Once upon a time, there was an ideal. It was called the United States of America.

And in 2016, the presidency of the United States was captured by the flamboyantly incompetent star of a TV reality show, a man who doesn’t believe in any ideal beyond his own enrichment and aggrandizement. Some shaken observers assured us that everything would yet be all right. The institutions of democracy — the courts, the Congress, the news media and the agencies of the federal government — would save America from the worst consequences of one of its worst decisions.


"The Guardrails Hold," exulted the headline of a piece by the late conservative columnist Charles Krauthammer. He was highlighting acts of resistance to Donald Trump's bizarre excesses by entities as varied as the Boy Scouts of America and the Joint Chiefs of Staff.

That was in August of 2017. It has since become painfully clear Mr. Krauthammer exulted too soon. The vaunted institutions of democracy have proven largely unequal to the task of checking Mr. Trump’s transgressions.

The courts? The record is mixed; Mr. Trump’s bid to rig the census was rejected, his Muslim ban was not.

The Congress? A hotbed of spinelessness that has given Mr. Trump less trouble than the Washington Generals give the Harlem Globetrotters.

Harlem Globetrotters stars Hammer Harrison and Dragon Taylor make trick shots on the Carnival Horizon cruise ship. (YouTube: Harlem Globetrotters)

The news media? Aggressive reporting is met with widespread apathy and partisan claims of “fake news.” The New York Times reported that Mr. Trump committed “outright fraud” as a businessman. Nobody cared.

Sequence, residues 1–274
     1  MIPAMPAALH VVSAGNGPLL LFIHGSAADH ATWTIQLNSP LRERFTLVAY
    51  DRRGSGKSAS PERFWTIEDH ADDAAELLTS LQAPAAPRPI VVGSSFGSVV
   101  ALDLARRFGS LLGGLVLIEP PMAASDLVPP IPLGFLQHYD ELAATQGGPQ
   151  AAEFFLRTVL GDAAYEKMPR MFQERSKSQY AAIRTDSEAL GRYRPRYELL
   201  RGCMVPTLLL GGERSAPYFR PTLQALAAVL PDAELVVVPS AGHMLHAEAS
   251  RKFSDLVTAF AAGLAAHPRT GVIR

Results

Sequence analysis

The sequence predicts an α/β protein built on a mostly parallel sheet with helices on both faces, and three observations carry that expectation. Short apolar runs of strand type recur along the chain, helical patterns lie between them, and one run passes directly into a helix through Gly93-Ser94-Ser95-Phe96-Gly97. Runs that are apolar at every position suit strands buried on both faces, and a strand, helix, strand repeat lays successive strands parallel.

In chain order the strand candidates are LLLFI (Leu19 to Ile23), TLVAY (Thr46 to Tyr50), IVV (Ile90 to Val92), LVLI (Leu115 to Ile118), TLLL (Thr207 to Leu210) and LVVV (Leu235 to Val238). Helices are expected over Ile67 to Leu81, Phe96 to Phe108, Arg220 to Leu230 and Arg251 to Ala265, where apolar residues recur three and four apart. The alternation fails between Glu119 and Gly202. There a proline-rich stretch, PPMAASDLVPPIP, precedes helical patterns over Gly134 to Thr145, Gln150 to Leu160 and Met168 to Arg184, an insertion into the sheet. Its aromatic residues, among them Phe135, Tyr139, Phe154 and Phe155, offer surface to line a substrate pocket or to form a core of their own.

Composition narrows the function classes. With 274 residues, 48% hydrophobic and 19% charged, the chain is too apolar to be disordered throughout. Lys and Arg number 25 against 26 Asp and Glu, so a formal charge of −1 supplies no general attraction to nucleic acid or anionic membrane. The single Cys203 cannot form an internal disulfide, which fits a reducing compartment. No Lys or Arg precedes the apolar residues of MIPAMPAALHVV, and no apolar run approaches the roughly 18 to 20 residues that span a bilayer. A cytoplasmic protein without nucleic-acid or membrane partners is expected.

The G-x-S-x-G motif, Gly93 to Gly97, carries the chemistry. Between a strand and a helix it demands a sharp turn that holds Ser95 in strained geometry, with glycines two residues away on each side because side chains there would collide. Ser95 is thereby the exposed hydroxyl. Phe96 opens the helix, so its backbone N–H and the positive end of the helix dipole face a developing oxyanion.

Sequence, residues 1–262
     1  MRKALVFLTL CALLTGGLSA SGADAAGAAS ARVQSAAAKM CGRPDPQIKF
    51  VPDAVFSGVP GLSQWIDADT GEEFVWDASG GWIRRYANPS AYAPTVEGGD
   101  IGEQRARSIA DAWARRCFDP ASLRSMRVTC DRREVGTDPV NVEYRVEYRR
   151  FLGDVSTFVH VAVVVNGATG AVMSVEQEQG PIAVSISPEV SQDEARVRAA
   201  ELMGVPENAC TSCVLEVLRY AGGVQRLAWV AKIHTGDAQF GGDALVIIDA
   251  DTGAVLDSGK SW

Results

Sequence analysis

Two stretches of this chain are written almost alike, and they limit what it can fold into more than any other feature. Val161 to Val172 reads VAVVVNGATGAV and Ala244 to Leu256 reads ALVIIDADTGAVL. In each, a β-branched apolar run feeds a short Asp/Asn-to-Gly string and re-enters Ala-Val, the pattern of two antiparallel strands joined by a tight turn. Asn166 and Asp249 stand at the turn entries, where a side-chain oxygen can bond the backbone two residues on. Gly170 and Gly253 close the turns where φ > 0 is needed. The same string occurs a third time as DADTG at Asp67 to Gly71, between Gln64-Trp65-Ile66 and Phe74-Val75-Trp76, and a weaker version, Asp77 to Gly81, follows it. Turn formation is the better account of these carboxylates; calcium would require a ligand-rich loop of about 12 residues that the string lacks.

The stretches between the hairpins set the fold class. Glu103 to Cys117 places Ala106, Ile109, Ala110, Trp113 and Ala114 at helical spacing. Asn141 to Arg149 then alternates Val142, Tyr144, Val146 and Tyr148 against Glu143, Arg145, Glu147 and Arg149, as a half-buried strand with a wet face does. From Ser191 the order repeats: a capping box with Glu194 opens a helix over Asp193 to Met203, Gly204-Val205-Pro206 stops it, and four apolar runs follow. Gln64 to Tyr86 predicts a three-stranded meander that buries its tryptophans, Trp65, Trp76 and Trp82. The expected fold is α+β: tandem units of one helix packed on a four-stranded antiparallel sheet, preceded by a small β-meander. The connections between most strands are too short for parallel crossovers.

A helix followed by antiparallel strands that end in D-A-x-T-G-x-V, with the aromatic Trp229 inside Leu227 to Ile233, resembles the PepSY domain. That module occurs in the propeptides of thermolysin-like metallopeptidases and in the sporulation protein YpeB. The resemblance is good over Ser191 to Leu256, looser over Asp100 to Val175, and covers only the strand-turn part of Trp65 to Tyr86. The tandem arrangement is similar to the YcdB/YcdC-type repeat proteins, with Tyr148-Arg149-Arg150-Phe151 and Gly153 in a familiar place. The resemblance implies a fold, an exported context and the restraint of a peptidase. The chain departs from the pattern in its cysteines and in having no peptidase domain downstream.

Which brings us to federal agencies and last week’s news that the acting director of national intelligence is apparently shielding Mr. Trump from questioning over allegations of misconduct. It seems Mr. Trump asked Ukrainian President Volodymyr Zelensky to investigate Joe Biden’s son, Hunter Biden, “about eight times” in a July phone call, according to The Wall Street Journal. House Democrats are looking into whether military aid was withheld from Ukraine in connection with the request.

Intelligence Community Inspector General Michael Atkinson found the complaint credible and designated it a matter of “urgent concern.” That’s a legal finding requiring notification of congressional oversight committees. But acting Director of National Intelligence Joseph Maguire initially refused to provide that information to lawmakers. He has since agreed to testify before Congress about the complaint on Thursday.

It's important to note the context here.

Earlier this month, the Justice Department launched an antitrust investigation of four automakers after they reached agreement with the state of California to maintain higher fuel-efficiency standards than the federal government requires. It can be no coincidence that Mr. Trump has long been at war with that state.

A worker on the Volkswagen production line in Wolfsburg, Germany. The carmaker, along with Ford, Honda and BMW, has reached a deal with California air regulators to increase fuel efficiency standards.
A worker on the Volkswagen production line in Wolfsburg, Germany. The carmaker, along with Ford, Honda and BMW, has reached a deal with California air regulators to increase fuel efficiency standards. (John MacDougall / AFP-Getty Images)

At roughly the same time, officials at the National Oceanic and Atmospheric Administration were reportedly threatened with termination for contradicting Mr. Trump’s claim — he tried to prove it by marking a map with a Sharpie — that Alabama was menaced by a killer storm.

Now here’s the acting DNI throwing his body between Mr. Trump and accountability. We are seeing the credibility of the federal government mangled in service to this guy’s fragile ego. How weak the guardrails of democracy turn out to be. Even this one — a government of, by and for the people — is looking suspiciously like a government of, by and for Mr. Trump.

But where guardrails fail, things crash and fall apart. Something to remember as we wait out the long years until next November.

We were told our institutions would save us. They'll be lucky if they can save themselves.

Leonard Pitts Jr. is a columnist for The Miami Herald. Readers may contact him via e-mail at lpitts@miamiherald.com.